EMBL researchers investigate the role of a histone protein in regulating gene expression
Scientists in EMBL’s Noh and Zaugg groups, with collaborators from the University of Pennsylvania, have investigated the role of a protein called H3.3 in regulating gene activity, as they report in Nature Genetics. This research offers new insights into the fundamental processes involved in gene expression and cellular differentiation – the process by which cells change into more specialised cell types during development.
Coiling and uncoiling DNA
The DNA in a single one of your cells – if stretched out – would be around two metres long, yet all of it is packed into a space less than one-hundred-thousandth the volume of a grain of sand. To achieve this extraordinary feat, the cell uses various proteins that help to coil and package the DNA. An important class of these proteins are histones: microscopic cable tidies around which the DNA is coiled at regular intervals along its length.
But histones do much more than simply keep the DNA tidy. They can also undergo chemical modifications that are recognised by other proteins in the cell. This has important consequences for gene activity, for example by causing certain stretches of DNA to unwind and become more accessible to proteins that switch genes on or off.
This study targeted a specific histone called H3.3. Mutations in this histone, or the proteins that modify it, have been shown to contribute to the development of diseases including cancer. By studying H3.3, the scientists hoped to gain deeper insights into how these processes work.
Like all proteins, histones are made up of a chain of building blocks called amino acid residues. In this study, the scientists edited the genomes of embryonic mouse cells to create cells in which residues in two specific locations in H3.3 were changed from one type of amino acid to another. They found that one of these changes impaired the process by which the cells differentiated to become more specific cell types (in this case nerve cells), and caused widespread changes in gene expression.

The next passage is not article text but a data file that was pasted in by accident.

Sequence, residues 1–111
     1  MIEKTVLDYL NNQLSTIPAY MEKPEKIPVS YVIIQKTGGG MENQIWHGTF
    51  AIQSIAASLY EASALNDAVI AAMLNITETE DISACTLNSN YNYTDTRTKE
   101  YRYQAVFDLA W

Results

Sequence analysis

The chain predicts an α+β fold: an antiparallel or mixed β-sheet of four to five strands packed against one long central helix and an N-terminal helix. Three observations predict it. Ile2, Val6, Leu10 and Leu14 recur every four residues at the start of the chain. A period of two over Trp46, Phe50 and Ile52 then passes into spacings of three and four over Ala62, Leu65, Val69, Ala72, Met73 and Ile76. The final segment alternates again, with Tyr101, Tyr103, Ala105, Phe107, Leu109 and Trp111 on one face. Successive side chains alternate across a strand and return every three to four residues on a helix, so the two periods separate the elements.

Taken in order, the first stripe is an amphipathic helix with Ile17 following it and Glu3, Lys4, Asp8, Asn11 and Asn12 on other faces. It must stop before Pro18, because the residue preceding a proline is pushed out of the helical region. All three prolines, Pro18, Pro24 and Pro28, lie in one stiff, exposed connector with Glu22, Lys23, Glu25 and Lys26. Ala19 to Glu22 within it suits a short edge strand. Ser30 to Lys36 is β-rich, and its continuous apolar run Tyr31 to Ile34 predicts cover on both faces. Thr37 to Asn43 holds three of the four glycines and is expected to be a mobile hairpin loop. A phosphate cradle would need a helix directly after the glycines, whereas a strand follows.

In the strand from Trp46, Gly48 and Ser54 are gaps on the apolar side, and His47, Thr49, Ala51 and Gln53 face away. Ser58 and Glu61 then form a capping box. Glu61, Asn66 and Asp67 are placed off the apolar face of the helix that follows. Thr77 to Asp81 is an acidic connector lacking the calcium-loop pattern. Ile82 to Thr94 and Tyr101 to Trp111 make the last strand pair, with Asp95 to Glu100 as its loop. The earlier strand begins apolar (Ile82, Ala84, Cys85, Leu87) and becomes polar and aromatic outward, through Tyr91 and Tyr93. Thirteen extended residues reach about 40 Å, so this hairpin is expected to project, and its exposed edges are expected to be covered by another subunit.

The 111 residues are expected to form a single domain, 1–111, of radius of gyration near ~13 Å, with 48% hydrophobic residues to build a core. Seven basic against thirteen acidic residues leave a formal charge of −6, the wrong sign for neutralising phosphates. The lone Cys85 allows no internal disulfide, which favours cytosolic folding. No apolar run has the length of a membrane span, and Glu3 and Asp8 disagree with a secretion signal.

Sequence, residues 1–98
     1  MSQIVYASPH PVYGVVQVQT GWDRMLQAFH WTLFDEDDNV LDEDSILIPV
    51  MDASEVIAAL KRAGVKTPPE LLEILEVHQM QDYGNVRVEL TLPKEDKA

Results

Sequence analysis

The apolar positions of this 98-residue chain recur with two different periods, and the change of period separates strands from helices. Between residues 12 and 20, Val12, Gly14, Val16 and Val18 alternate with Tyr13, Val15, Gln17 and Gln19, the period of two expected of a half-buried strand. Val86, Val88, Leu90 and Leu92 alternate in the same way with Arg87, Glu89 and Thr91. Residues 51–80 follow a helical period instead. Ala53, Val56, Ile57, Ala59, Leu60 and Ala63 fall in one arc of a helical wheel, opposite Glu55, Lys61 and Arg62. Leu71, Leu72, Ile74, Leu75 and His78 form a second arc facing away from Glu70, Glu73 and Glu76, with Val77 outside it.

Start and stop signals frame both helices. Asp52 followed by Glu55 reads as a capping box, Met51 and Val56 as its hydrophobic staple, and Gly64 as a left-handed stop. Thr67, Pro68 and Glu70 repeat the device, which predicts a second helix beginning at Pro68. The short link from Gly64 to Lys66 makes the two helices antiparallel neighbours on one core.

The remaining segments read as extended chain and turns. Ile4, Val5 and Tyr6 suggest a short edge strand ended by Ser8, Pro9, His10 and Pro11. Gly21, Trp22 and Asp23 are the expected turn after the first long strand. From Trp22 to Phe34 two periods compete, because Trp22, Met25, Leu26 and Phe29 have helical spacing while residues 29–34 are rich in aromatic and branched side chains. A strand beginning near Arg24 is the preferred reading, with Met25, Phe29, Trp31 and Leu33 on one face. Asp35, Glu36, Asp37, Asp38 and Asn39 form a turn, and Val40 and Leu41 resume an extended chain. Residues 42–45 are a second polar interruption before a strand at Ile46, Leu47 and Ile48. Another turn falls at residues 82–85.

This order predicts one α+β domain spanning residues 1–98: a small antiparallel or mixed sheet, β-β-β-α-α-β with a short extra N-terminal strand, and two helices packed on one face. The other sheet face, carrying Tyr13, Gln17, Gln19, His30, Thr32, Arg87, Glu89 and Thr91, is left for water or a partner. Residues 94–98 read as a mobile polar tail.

They then took a closer look to understand how mutations in H3.3 cause this failure in cell differentiation. In cells that carry the mutation, they found that H3.3 proteins do not appear at specific sites in the genome where they are usually present. The mutant H3.3 proteins also reduce the binding of other proteins called chromatin remodellers at these sites. This causes the DNA at these sites to remain in an unwound, accessible state where the genes are constantly switched on. This abnormal gene regulation confuses the cells about what cell type they want to become.
“We did not expect this type of function of the histone H3.3 residue,” says EMBL group leader Kyung-Min Noh. “Lots of things happen between a mutation occurring in a histone and the abnormal gene expression that leads to failure of cell differentiation. Our findings help to clarify the exact chain of events.”
The study also shows that mutations in H3.3 provide a useful system for investigating how specific amino acid residues affect the role of histones in gene regulation, allowing us to understand more about the part they play in the development of diseases such as cancer.
To study the effect of commonly used drugs on bacterial envelopes, EMBL scientists applied a biochemical assay using a colour reaction. The deeper the red, the stronger the disruptive effect of the drug.